I picked up some steamed dumplings at a wok station in a local supermarket recently. It reminded me how much fun they are to make them at home and how much better they taste than take-out! Now you, too, can make homemade dumplings, wontons and buns with the expert guidance of some local cooking teachers.

Chinese native Ada Dong is offering three different classes in dumplings through the Minneapolis Community Education Adult Enrichment program.  On October 17, 6:15 – 8:45 pm at the Southwest center, she will help you create ZongZi, a sticky rice dumpling wrapped in bamboo leaves. Cost is $25 plus a $15 food fee.
On November 20, 6 – 9 pm, at the Lake Harriet center she will help you master pan-fried dumplings and cost is $29 plus a $10 food fee.

And, on November 29 from 5:45 – 8:45 pm at the Southwest center she will help you tackle pot stickers, momo water dumplings and tapioca-pearl bombs. Cost is $29 plus $10 supply fee. For more information or to register go to www.mplscommunityed.com , adult enrichment programs, or call 612-668-3939.

For Chinese wontons and potstickers there is a class at St. Louis Park Community Education, Lennox Community Center kitchen, October 16, 6:30 – 9:00 pm at a cost of $25 plus $14 food fee. Or try steamed buns on December 4, 6:15 – 9:15 pm for $25 plus $14 food fee. For more information go to www.slpcommunityed.com or call 952-928-6442.

One of the nicest things about homemade dumplings and buns is they can be formed then frozen to cook later in just a few minutes. You can also learn how to make them with the step-by-step directions in the classic cookbook, Florence Lins Complete Book of Chinese Noodles, Dumplings and Breads, published in 1986 by William Morrow. Now out of print, used copies are still available from Amazon and in local used bookstores. In it Florence takes you step by step through the process and gives you a wide variety of fillings and sauces. She also explains the methods for making the dough by hand or with a food processor.

The book also includes homemade noodles, spring rolls, steamed buns, pancakes, breads, wontons, and my favorite, mushroom puffs. These light, flaky bites of heaven can also be frozen to heat and serve in just a few minutes.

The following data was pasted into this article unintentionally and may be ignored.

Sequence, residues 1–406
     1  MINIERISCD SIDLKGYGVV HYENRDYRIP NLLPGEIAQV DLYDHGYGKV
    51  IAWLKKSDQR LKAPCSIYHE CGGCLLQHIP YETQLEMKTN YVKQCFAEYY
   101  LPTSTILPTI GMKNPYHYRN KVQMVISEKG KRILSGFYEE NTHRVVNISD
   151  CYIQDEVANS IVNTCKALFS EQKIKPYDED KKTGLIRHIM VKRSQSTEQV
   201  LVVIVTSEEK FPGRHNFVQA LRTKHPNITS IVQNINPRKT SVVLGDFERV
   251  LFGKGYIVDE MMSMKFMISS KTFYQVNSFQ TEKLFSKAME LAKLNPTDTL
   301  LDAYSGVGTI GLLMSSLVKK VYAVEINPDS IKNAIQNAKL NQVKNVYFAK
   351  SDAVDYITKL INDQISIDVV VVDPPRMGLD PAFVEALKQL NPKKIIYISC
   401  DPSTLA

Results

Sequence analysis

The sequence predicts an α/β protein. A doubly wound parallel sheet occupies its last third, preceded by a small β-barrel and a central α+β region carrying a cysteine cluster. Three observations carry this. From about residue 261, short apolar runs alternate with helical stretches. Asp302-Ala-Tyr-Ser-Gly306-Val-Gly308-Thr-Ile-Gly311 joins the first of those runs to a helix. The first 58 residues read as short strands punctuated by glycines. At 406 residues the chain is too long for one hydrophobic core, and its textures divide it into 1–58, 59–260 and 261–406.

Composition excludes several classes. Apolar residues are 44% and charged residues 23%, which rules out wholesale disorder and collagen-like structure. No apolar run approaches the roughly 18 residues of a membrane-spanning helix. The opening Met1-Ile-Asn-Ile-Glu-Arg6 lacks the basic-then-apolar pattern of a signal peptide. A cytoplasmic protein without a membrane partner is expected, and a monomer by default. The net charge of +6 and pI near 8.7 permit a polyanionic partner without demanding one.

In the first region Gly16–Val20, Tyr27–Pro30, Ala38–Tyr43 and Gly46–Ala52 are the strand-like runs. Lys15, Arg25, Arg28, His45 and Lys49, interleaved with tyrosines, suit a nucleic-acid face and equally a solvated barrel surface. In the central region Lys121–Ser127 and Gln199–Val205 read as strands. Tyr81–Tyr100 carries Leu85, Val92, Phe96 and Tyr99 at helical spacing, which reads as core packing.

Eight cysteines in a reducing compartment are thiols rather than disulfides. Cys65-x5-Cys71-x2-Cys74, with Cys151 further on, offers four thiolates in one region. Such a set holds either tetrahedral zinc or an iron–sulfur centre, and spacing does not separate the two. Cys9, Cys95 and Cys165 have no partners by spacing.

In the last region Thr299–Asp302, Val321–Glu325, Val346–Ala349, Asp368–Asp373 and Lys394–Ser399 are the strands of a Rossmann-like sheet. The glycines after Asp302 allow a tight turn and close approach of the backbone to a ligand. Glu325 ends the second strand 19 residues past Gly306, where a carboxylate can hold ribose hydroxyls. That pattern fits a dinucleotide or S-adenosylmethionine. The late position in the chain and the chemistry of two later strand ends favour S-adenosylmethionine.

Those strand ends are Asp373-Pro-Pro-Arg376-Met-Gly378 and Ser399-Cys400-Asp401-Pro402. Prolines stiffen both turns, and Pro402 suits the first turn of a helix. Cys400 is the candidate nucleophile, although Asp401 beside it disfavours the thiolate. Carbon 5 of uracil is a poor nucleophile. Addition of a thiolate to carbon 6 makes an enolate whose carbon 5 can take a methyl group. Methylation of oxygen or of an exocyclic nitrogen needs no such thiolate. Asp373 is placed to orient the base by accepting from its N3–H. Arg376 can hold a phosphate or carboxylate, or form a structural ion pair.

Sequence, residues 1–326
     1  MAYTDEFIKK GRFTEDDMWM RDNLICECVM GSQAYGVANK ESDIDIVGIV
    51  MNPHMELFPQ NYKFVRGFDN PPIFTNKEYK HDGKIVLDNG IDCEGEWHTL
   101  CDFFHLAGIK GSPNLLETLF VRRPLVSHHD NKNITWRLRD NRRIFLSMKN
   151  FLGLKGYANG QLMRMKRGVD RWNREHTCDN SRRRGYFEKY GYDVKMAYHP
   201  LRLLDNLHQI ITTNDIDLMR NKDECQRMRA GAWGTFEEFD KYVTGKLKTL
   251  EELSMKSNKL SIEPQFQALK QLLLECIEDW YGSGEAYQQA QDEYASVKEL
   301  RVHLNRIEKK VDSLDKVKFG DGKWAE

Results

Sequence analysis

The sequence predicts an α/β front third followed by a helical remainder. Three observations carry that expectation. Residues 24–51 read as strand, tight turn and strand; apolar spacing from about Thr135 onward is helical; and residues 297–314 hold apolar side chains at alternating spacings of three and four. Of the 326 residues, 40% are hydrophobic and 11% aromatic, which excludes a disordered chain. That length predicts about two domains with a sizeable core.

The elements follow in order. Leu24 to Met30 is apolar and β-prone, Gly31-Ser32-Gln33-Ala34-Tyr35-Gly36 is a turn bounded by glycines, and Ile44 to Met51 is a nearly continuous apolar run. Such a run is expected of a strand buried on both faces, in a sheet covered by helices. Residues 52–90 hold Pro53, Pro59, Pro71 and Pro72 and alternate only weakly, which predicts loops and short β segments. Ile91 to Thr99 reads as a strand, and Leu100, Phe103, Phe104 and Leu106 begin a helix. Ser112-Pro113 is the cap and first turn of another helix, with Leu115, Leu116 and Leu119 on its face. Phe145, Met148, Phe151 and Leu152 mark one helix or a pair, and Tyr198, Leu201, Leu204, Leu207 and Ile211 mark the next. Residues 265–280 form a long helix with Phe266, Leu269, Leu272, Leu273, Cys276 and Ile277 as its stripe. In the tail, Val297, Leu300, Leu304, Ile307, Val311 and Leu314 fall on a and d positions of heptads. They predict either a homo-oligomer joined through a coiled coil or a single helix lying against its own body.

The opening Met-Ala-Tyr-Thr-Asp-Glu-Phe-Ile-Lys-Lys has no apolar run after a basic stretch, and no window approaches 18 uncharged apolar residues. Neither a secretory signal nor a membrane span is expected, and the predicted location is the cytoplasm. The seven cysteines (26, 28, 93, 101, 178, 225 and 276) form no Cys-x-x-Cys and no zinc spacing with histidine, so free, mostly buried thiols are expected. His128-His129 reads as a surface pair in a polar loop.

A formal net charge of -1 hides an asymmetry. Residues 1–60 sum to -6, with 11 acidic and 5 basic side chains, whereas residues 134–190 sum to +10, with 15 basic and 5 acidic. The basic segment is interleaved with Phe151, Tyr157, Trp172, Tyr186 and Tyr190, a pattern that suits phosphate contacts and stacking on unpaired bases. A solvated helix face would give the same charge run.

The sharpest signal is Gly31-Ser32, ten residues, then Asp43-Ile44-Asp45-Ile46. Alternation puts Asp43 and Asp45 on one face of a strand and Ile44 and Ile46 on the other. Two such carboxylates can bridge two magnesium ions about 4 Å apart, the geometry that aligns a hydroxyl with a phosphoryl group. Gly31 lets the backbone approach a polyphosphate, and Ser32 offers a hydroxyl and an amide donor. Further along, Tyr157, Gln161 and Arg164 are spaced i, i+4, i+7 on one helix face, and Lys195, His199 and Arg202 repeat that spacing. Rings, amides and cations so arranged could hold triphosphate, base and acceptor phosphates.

So why settle for take-out when homemade is better and not that hard to do. Happy cooking!

__________________________________________


Read more about Asian food in Minnesota and try more than 160 recipes in Asian Flavors: Changing the Tastes of Minnesota since 1875, in bookstores and on amazon.cm.

Buy online: Asian Flavors: Changing the Tastes of Minnesota since 1875

Watch the EMMY® award winning “Asian Flavors” television show based on the book on tpt MN. Check local TV listings for broadcast times or view the show streaming online at:


__________________________________________

Saturday, July 15, 2017

Sushi, noodles, local wine, curry and more at the Arboretum

Phyllis Louise Harris
July/August 2017

Beautiful trees, colorful flowers, melodious song birds – all things that come to mind about the Minnesota Landscape Arboretum in Chanhassen. But now you can add sushi, noodles, Minnesota wine, and curry as well.

The Arboretum offers a multitude of classes and events throughout the year but right now there are a few you should not miss. Start with PinKU Japanese Food Dinner with Sushi Chef John Sigimura on August 17 from 6:30 – 8:30 p.m.  A graduate of the Sushi Institute of America Sigimura offers a tempting array of dishes. What a great way to learn more about this classic cuisine. Cost is $65 for Arboretum members: $77 for non-members including Arboretum admission.

Indian food from a food truck? Janene Holig, executive chef of Hot Indian Foods does just that and was named one of the top eight Indian food trucks in America in 2016. She will be at the Arboretum September 21 from 6:30 – 8:30 pm with her truck and a special dinner of her Indian cuisine. Cost is $45 for members and $57 for non-members. She will even give you a few recipes to try at home.

Dinner with winemaker and Chef Ben Banks of Sovereign Estate Winery will offer four of his Waconia based wines along with appropriate dishes to savor. October 5, 6:30 – 8:30 p.m. at $65 for members or $77 non-members.

Oodles of Noodles on Saturday, October 28 from 9 to 11 am shows you how to turn a variety of vegetables into noodles. Hands on learning, tasting and take-home samples for your family are all created by Kris James, certified culinary herbalist, and chef/culinary educator. Cost is $39 for members and $52 for non-members.

Making Tea with Skill – An Exploration of Chinese Gongfu, Saturday, January 13, 9 a.m. – 11 a.m. The Chinese tea ceremony designed for beauty, relaxation, comfort and enjoyment is an art in itself. Kris James shows you how Saturday, January 13, 9 – 11 a.m. Cost is $39 members and $52 non-members.